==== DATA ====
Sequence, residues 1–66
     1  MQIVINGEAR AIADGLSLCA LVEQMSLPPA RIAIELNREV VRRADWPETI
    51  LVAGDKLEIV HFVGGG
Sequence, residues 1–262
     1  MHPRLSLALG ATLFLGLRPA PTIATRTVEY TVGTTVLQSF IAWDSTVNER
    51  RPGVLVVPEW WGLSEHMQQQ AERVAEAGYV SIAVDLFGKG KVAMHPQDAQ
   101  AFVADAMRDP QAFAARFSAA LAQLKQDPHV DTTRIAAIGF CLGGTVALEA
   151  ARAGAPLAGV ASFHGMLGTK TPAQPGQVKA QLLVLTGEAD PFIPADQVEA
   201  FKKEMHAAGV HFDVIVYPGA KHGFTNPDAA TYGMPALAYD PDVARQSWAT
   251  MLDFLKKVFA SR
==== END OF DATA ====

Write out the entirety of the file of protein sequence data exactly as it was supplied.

Sequence, residues 1–66
     1  MQIVINGEAR AIADGLSLCA LVEQMSLPPA RIAIELNREV VRRADWPETI
    51  LVAGDKLEIV HFVGGG
Sequence, residues 1–262
     1  MHPRLSLALG ATLFLGLRPA PTIATRTVEY TVGTTVLQSF IAWDSTVNER
    51  RPGVLVVPEW WGLSEHMQQQ AERVAEAGYV SIAVDLFGKG KVAMHPQDAQ
   101  AFVADAMRDP QAFAARFSAA LAQLKQDPHV DTTRIAAIGF CLGGTVALEA
   151  ARAGAPLAGV ASFHGMLGTK TPAQPGQVKA QLLVLTGEAD PFIPADQVEA
   201  FKKEMHAAGV HFDVIVYPGA KHGFTNPDAA TYGMPALAYD PDVARQSWAT
   251  MLDFLKKVFA SR